Ellison Supports Bill To Protect Male Circumcision Rights

The proposed ban on circumcisions in San Francisco has a new opponent.
Minnesota Representative Keith Ellison has co-sponsored a bill aimed at preventing the banning of circumcision for males under the age of 18. Rep. Brad Sherman of California will introduce the Religious and Parental Rights Act of 2011 later this week as a direct reaction to the anti-circumcision movement in San Francisco.
“Male circumcision has been practiced for thousands of years and is a deeply important ceremony for two major religions,” Sherman said in a statement, adding that Congress has a history of protecting the free exercise of religious rights. He said that a compelling argument against circumcision could be made if medical evidence showed it to be harmful to a person’s health, but the medical studies have instead shown the opposite. Currently Rep. Ellison is the only co-sponsor of the bill, but Sherman expects to have more in the coming days. As a Muslim, Rep. Ellison practices a religion that advocates circumcision. He also spoke with TCJewfolk last year about his trip to Israel and Gaza, and he issued a statement about the Holocaust on last year’s Yom Hashoah. As he states, he is “committed to working for mutual respect and understanding of all faiths.”
Supporters of the ban liken circumcision to a war crime and claim that the medical results are inconclusive as many countries that don’t typically practice circumcision still rate just as high or higher than the United States on health surveys. They claim that this is not a religious issue, but a human rights issue. Yet banning circumcision without a religious exception borders on intolerance and seems to violate First Amendment rights. Furthermore, the actions taken by some supporters of the ban stink of anti-Semitism. The author of the San Francisco bill, Matt Hess, has created an online comic called “Forskin Man” which depicts a blond-haired, blue-eyed superhero fighting the evil “Monster Mohel,” clad in traditional Orthodox garb. Depicting a Jew in a black hat and coat is like depicting a Muslim in a turban or a Christian in a Benedictine monk’s robe. That is to say, it’s a stereotype. To make the character the villain and arm his henchmen with Uzis makes a statement about how Jews should be seen in this debate. The villain could’ve easily been a generic doctor (or the “Demon Doctor” to stay alliterative) and made a different statement.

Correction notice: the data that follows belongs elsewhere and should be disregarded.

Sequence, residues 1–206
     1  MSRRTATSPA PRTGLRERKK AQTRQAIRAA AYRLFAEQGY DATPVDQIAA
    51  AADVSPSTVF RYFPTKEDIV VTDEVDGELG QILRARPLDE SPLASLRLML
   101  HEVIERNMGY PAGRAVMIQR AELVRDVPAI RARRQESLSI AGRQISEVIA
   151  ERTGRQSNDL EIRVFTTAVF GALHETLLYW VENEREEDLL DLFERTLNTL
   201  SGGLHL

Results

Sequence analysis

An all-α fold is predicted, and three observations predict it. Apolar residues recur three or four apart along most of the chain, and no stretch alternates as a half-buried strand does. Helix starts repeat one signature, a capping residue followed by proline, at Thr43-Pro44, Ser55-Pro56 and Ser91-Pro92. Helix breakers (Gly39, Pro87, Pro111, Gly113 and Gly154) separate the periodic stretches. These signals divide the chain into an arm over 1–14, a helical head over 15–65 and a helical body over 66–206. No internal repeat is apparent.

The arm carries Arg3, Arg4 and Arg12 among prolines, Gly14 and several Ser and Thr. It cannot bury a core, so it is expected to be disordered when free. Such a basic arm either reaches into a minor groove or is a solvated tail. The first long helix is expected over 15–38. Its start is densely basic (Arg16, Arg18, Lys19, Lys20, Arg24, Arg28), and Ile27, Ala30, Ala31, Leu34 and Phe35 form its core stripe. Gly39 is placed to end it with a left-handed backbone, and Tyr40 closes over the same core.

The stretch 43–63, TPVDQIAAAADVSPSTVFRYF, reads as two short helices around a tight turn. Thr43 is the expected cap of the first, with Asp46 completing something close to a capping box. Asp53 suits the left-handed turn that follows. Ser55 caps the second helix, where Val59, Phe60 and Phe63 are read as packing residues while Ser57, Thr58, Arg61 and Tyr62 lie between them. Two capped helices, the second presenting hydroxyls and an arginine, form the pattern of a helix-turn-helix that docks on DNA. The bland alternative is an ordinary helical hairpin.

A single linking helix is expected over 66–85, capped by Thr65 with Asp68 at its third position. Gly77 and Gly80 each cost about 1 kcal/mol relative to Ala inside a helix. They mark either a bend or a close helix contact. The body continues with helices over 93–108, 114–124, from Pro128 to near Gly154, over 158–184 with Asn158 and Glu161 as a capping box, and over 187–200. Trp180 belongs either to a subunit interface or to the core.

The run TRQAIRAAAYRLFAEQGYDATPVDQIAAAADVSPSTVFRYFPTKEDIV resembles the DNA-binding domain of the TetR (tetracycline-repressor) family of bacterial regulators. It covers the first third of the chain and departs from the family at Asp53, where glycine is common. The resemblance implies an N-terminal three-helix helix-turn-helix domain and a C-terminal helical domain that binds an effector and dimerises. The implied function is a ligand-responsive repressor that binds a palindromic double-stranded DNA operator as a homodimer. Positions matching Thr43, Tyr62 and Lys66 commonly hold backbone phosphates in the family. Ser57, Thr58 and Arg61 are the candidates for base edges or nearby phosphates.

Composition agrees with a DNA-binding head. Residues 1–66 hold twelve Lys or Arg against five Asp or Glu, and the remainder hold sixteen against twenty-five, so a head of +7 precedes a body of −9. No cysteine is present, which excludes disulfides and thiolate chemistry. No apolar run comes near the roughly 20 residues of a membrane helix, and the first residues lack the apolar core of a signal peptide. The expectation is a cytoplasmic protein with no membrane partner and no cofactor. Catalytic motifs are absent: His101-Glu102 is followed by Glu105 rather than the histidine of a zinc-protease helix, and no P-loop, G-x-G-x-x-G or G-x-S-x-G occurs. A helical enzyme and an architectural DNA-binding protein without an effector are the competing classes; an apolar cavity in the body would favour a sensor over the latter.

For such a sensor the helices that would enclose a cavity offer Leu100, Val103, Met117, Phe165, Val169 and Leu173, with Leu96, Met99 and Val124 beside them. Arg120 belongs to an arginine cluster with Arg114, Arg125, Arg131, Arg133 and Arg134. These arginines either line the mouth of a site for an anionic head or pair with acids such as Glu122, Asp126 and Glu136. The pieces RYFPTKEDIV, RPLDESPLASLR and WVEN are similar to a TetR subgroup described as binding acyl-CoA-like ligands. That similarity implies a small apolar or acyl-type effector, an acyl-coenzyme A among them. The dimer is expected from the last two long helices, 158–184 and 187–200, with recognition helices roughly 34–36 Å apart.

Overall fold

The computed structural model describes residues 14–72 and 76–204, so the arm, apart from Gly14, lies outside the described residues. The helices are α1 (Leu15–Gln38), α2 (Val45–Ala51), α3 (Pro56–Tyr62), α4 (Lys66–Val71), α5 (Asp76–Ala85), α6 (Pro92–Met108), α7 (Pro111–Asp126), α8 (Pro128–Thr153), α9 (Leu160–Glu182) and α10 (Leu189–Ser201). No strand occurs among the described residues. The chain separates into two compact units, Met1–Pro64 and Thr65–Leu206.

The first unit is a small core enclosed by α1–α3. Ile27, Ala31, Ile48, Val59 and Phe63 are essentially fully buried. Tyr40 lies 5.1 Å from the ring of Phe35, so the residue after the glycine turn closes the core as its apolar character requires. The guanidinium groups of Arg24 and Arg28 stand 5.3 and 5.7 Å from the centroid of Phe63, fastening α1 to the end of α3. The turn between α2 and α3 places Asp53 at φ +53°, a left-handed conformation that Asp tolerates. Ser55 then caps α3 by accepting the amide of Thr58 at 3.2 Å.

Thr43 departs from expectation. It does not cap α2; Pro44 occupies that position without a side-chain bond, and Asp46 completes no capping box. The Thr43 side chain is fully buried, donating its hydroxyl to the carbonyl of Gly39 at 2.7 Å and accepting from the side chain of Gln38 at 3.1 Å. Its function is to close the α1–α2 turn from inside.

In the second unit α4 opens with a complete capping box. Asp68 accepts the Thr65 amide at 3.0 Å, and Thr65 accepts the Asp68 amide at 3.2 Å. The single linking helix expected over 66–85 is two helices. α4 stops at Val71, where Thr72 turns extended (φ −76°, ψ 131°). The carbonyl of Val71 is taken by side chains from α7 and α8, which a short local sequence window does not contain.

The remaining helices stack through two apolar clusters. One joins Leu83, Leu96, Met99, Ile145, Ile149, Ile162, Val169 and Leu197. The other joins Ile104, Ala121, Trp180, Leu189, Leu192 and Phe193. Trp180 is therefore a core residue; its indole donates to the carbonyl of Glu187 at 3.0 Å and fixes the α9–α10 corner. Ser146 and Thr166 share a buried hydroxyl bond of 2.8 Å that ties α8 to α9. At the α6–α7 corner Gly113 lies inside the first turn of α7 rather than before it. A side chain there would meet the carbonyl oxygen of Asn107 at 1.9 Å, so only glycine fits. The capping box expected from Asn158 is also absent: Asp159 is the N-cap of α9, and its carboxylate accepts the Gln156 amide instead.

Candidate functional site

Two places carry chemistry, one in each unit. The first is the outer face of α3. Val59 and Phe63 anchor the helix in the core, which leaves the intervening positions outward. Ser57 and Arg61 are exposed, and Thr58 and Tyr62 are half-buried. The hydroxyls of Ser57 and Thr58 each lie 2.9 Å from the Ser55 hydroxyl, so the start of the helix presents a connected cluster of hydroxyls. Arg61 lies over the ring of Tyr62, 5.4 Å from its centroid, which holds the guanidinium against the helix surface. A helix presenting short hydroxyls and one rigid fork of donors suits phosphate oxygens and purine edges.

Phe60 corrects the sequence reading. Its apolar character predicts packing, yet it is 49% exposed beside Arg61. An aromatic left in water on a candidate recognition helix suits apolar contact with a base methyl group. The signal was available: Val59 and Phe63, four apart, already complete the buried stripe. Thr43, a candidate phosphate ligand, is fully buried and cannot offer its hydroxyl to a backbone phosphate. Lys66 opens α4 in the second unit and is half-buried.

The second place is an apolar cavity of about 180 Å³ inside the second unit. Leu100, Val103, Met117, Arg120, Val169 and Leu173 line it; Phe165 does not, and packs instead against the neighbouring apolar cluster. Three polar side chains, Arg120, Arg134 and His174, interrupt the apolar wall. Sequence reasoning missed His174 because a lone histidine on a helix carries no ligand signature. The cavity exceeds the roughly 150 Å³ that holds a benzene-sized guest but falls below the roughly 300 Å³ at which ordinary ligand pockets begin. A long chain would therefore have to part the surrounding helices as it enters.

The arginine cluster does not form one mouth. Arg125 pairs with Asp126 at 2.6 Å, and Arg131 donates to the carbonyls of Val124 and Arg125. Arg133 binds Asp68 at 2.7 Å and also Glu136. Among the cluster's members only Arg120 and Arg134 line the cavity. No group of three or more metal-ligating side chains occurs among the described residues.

Circumcision is a central aspect of Jewish observance. It is commandment numero uno that distinguishes Abraham as a Jew. Many contemporary Jews have decided that it’s ok and even necessary to question traditional Jewish practices. TCJewfolk writer Galit Breen wrote a great piece about her conflicted feelings towards circumcision, conveying something a number of parents in the Jewish community feel. If some Jewish parents decide they don’t want to circumcise their baby, they should be allowed to make that decision. But it should be their decision to make.
The Religious and Parental Rights Act is an important bill, not just for Jews and Muslims, but for all parents who care about imparting their religious and cultural traditions onto their children. Representatives Ellison and Sherman are taking an important step in making sure that those traditions remain unobstructed.
(Photo: brunosan)